Plasma acylcarnitines are associated with physical performance in elderly men

Helen Lum, Richard Sloane, Kim M. Huffman, Virginia B. Kraus, Dana K. Thompson, William E. Kraus, James R. Bain, Robert Stevens, Carl F. Pieper, Gregory A. Taylor, Christopher B. Newgard, Harvey J. Cohen, Miriam C. Morey

Research output: Contribution to journalArticlepeer-review

29 Scopus citations


Background. Metabolic profiling might provide insight into the biologic underpinnings of disability in older adults. Methods. A targeted mass spectrometry-based platform was used to identify and quantify 45 plasma acylcarnitines in 77 older men with a mean age of 79 years and average body mass index of 28.4 kg/m2. To control for type I error inherent in a test of multiple analytes, principal components analysis was employed to reduce the acylcarnitines from 45 separate metabolites, into a single "acylcarnitine factor." We then tested for an association between this acylcarnitine factor and multiple indices of physical performance and self-reported function. Results. The acylcarnitine factor accounted for 40% of the total variance in 45 acylcarnitines. Of the metabolites analyzed, those that contributed most to our one-factor solution were even-numbered medium and long-chain species with side chains containing 10-18 carbons (factor loadings >0.70). Odd-numbered chain species, in contrast, had factor loadings 0.50 or less. Acylcarnitine factor scores were inversely related to physical performance as measured by the Short Physical Performance Battery total score, two of its three component scores (gait and chair stands Short Physical Performance Battery), and usual and maximal gait speeds (r = -0.324, -0.348, -0.309, -0.241, and -0.254, respectively; p < .05). Conclusions. Higher acylcarnitine factor scores were associated with lower levels of objectively measured physical performance in this group of older, largely overweight men. Metabolic profiles of rodents exhibiting lipid-induced mito-chondrial dysfunction show a similar phenotypic predominance of medium- and long-chain acylcarnitines.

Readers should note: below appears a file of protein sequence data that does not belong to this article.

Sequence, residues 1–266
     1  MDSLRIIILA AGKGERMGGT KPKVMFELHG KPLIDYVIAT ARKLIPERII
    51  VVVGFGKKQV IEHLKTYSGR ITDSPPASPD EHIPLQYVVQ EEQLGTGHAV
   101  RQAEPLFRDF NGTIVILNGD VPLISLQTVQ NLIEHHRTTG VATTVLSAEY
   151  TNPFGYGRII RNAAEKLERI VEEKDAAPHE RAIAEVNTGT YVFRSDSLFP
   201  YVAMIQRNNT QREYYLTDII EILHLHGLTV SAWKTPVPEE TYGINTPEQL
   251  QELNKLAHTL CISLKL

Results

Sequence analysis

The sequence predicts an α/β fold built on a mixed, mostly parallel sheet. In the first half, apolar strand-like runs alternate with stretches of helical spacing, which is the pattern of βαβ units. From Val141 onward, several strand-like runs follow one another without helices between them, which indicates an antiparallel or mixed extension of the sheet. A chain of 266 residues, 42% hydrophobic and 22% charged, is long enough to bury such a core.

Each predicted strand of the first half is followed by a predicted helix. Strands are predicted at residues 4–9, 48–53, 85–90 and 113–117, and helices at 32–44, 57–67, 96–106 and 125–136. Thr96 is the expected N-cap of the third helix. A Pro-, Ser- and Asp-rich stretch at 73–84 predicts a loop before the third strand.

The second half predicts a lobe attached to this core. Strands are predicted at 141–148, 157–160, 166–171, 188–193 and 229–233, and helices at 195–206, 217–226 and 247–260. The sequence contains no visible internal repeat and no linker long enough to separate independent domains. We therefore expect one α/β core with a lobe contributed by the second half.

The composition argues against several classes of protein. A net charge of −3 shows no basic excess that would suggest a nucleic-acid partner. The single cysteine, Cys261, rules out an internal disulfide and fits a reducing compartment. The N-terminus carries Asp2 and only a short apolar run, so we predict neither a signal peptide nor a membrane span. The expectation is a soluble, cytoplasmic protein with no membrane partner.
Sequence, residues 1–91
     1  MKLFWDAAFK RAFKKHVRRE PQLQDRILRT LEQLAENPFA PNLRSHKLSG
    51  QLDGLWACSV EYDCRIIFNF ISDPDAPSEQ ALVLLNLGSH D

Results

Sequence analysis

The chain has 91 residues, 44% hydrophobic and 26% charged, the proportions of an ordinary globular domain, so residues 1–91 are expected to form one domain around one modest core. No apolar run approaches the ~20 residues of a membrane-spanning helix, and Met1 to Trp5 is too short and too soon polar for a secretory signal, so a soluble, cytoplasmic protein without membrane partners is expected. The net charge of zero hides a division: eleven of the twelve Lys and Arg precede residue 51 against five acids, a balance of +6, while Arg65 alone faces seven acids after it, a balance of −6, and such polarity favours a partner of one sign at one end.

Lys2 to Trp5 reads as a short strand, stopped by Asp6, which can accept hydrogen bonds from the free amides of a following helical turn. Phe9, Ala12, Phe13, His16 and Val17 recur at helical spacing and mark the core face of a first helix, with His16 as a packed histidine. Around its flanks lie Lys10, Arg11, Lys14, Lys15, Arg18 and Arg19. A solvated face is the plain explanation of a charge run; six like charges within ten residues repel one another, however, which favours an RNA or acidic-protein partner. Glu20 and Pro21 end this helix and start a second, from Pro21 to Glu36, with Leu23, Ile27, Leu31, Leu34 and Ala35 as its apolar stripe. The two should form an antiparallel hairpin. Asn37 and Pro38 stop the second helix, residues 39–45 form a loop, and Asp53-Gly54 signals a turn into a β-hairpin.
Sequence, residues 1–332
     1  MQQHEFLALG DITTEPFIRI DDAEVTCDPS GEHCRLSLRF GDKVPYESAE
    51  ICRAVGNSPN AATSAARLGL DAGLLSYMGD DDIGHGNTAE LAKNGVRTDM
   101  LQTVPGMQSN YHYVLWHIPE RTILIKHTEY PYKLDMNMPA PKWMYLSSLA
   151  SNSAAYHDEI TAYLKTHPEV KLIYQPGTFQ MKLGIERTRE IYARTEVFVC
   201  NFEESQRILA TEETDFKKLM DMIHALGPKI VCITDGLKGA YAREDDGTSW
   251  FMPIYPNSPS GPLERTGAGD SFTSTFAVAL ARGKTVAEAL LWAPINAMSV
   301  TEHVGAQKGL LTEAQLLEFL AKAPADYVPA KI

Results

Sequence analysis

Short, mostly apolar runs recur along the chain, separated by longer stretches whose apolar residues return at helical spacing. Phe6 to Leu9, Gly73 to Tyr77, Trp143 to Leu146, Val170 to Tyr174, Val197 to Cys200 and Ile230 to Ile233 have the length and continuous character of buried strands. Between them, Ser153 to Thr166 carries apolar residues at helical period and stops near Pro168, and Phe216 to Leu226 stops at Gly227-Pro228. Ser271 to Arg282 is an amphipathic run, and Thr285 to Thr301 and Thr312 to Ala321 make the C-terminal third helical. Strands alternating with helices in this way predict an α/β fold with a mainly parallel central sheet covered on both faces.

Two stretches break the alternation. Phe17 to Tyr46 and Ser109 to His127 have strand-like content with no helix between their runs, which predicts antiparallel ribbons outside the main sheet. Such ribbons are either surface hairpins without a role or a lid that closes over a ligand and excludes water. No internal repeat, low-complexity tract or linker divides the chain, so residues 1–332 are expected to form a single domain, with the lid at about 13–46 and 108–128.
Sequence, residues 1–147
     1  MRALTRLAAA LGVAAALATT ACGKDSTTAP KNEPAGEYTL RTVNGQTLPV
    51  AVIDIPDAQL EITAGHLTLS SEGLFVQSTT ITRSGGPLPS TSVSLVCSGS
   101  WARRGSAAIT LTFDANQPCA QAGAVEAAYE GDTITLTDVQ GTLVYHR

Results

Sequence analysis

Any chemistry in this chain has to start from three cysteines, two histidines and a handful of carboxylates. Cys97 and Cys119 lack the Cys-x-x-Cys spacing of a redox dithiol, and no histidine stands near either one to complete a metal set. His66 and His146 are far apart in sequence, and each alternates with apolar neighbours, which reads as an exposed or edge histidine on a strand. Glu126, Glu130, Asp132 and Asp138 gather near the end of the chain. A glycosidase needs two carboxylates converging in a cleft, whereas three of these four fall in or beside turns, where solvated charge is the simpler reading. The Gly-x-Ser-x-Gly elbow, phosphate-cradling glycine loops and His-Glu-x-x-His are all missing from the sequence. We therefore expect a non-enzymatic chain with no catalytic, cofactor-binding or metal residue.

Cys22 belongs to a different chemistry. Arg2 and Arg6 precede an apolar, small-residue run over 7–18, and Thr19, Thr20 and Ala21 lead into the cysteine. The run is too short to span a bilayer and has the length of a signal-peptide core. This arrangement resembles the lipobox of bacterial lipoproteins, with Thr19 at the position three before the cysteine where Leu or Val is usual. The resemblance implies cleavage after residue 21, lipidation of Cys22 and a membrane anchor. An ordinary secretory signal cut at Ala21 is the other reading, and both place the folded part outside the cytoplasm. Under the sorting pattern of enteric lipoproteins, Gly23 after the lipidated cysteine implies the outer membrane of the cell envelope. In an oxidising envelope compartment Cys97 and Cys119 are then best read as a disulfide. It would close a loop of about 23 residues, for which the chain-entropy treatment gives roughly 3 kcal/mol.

Original languageEnglish (US)
Pages (from-to)548-553
Number of pages6
JournalJournals of Gerontology - Series A Biological Sciences and Medical Sciences
Volume66 A
Issue number5
StatePublished - May 2011


  • Acylcarnitine
  • Aging
  • Metabolic profiling
  • Physical function
  • Physical performance

ASJC Scopus subject areas

  • Aging
  • Geriatrics and Gerontology


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